Please note that this summary only contains information from the full scientific abstract: View ESMO Scientific Abstract

Effect of avelumab + axitinib compared with sunitinib alone in people with advanced kidney cancer who did not have kidney surgery

Date of summary: September 2019

Study number: NCT02684006


Study start date: March 2016


Estimated study end date: May 2024


The full title of this abstract is: Primary renal tumour shrinkage in patients (pts) who did not undergo upfront cytoreductive nephrectomy (uCN): subgroup analysis from the phase 3 JAVELIN Renal 101 trial of first-line avelumab + axitinib (A + Ax) vs sunitinib (S) for advanced renal cell carcinoma (aRCC)

Sunitinib is approved to treat the condition under
study that is discussed in this summary. Axitinib and
avelumab are not approved to treat the condition
under study that is discussed in this summary. The
combination of avelumab plus axitinib is not approved
in Europe to treat the condition under study that is
discussed in this summary.


Researchers must look at the results of many types
of studies to understand whether a study drug
works, how it works, and whether it is safe to
prescribe to patients.

This summary reports the results of only one study.
The results of this study might be different from the
results of other studies that the researchers look at.


This summary reports the interim results from the
study – results may not be the same when the
study is complete.


More information can be found in the scientific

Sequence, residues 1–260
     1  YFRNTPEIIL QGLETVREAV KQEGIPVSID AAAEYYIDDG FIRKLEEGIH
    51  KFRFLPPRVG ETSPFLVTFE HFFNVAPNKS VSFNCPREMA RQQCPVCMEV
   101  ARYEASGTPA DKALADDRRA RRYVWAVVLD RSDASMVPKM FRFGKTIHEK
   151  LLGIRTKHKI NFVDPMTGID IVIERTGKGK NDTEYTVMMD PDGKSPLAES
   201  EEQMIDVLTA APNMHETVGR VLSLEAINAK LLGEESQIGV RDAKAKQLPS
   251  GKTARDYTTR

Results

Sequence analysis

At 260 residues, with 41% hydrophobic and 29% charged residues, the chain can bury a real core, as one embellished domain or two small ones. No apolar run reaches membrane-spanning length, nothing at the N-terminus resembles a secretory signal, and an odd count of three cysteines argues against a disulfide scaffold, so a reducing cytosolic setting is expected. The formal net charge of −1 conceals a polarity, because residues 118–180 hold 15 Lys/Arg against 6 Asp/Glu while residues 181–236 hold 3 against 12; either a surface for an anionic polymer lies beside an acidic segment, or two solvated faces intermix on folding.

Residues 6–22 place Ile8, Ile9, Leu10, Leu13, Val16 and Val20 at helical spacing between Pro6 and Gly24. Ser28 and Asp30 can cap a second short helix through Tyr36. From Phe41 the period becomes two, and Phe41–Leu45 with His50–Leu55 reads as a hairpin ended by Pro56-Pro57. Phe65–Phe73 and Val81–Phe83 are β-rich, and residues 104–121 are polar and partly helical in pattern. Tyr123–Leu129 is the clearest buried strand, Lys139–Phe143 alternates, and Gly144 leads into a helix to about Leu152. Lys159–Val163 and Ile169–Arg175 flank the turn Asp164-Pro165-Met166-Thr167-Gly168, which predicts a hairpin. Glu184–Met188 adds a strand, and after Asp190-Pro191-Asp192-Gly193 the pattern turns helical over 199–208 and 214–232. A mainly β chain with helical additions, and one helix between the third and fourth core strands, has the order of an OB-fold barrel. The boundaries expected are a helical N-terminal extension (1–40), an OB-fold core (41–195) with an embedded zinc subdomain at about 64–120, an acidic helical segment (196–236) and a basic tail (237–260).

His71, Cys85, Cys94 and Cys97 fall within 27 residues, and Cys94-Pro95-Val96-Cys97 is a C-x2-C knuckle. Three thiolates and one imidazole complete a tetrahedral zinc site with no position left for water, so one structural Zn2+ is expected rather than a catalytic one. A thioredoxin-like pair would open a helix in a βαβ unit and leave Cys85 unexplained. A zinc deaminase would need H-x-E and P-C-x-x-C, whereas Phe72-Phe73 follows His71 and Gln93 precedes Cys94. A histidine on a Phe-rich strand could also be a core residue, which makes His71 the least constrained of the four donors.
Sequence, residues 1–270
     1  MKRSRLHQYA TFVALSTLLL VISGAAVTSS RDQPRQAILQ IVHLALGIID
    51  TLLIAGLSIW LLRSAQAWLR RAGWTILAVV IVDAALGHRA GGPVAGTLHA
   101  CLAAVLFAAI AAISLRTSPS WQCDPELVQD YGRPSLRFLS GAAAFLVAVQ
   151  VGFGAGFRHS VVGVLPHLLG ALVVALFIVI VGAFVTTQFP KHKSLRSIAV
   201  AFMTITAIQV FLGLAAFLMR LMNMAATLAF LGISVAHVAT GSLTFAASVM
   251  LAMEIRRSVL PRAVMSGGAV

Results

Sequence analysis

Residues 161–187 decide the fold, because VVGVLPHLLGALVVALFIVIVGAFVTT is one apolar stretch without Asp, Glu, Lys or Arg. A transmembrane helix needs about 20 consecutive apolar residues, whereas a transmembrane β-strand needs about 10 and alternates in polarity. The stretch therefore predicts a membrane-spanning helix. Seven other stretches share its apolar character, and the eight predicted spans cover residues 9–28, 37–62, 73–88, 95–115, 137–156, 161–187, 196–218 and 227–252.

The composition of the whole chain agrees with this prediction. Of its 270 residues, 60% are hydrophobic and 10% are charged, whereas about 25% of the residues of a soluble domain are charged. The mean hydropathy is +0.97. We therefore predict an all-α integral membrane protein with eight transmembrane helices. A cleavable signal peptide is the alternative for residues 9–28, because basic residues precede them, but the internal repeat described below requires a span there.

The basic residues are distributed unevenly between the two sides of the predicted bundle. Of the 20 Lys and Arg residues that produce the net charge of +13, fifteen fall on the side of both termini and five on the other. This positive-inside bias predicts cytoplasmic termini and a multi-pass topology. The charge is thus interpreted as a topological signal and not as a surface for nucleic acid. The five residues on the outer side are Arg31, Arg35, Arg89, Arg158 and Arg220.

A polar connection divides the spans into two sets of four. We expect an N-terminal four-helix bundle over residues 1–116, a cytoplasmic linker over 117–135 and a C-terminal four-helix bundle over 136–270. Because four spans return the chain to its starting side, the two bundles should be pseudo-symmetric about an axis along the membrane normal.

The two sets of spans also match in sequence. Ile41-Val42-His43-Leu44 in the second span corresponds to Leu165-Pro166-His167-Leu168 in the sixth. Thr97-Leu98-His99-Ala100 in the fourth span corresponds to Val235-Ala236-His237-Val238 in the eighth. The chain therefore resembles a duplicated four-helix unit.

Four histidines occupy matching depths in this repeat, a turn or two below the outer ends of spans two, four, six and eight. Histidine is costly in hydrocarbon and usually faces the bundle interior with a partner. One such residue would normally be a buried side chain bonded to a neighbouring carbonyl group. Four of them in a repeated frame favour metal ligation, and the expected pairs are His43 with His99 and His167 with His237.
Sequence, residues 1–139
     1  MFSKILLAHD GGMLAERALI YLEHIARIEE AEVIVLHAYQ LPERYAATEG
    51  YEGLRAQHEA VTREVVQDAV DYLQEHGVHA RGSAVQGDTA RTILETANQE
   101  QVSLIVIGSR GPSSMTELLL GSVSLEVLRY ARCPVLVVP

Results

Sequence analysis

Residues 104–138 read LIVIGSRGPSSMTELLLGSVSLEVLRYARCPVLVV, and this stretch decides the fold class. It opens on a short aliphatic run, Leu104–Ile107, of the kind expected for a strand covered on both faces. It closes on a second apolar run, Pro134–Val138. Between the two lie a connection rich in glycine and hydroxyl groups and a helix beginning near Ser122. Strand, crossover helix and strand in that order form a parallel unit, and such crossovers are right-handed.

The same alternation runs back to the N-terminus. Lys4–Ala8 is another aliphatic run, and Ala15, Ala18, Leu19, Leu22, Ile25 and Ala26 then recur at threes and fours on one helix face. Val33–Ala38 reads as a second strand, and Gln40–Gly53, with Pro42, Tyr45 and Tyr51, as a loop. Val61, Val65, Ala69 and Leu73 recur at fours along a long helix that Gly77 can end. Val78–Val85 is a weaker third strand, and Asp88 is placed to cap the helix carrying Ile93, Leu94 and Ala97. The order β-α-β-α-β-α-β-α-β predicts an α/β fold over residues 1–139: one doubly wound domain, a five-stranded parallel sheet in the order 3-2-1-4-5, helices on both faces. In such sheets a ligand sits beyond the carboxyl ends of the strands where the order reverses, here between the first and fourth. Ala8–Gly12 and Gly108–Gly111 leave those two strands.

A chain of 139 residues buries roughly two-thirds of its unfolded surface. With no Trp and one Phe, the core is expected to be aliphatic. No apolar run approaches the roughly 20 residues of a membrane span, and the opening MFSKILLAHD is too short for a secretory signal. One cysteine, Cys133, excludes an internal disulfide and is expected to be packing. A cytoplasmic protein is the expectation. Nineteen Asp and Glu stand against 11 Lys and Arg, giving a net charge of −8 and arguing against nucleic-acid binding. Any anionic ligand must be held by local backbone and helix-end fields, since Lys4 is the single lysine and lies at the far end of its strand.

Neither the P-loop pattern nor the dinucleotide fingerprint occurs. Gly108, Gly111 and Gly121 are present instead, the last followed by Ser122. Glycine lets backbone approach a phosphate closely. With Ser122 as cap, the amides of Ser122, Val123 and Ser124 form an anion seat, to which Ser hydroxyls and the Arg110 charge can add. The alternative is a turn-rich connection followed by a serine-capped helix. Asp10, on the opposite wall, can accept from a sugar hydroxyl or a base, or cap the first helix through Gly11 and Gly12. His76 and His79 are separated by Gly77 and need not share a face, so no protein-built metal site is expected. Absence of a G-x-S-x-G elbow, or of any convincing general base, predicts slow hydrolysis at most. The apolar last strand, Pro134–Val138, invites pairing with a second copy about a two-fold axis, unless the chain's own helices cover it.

abstract of this study, which you can access here:
View ESMO Scientific Abstract

What did this study look at?

  • Advanced renal cell carcinoma (aRCC for short) is a type of kidney cancer.
    • Advanced means that the cancer has spread within the kidneys or to other parts of the body.
  • Avelumab is a study treatment for people with aRCC. It is given to people as an injection.
    • Avelumab binds to a protein called PD-L1 on cancer cells. PD-L1 tells immune (defense) cells not to attack cancer cells.
    • When avelumab binds to PD-L1, it may prevent PD-L1 from working correctly. This releases the ‘brakes’ on the body’s immune system, which can allow immune cells to attack and destroy the cancer cells.
  • Axitinib and sunitinib are approved treatments for people with aRCC. People take them as tablets. Axitinib is approved for use after sunitinib or other treatments have failed.
    • These treatments may prevent cancers from forming new blood vessels. This can slow the cancer’s growth or cause cancer cells to die.
  • This ongoing study is looking at how well avelumab and axitinib work together, compared with sunitinib by itself, in people with aRCC.
  • This summary looks at results from the group of people who had a primary kidney tumor and did not have surgery to remove the affected kidney.
    • A primary kidney tumor is the cancer that first started growing in the kidney before it spread to other places.

Who took part in this study?

What were the results of the study?

  • Researchers looked at the results in people with aRCC who had a primary kidney tumor and did not previously have
    surgery to remove their kidney.
  • Around 8 in 10 people whose primary kidney tumors shrank also had tumors in other parts of their bodies that shrank substantially
    • Researchers saw this for people treated with avelumab + axitinib or with sunitinib alone

More results from this study can be found here:
View ESMO Scientific Abstract

What was the main conclusion reported by the researchers?

  • A higher proportion of people who received avelumab + axitinib in this study had primary kidney tumors that shrank substantially compared with people receiving sunitinib alone.
    • This is the first time researchers have reported that combining these types of drugs can shrink primary kidney tumors in people with aRCC who did not have their kidney removed.
    • Avelumab + axitinib may be a potential treatment option for people newly diagnosed with aRCC.

Who sponsored this study?

Pfizer Inc.
235 East 42nd Street NY, NY 10017
Phone (United States): +1 212-733-2323

Pfizer would like to thank all of the
people who took part in this study.

Click to show further information on the study and clinical trials in general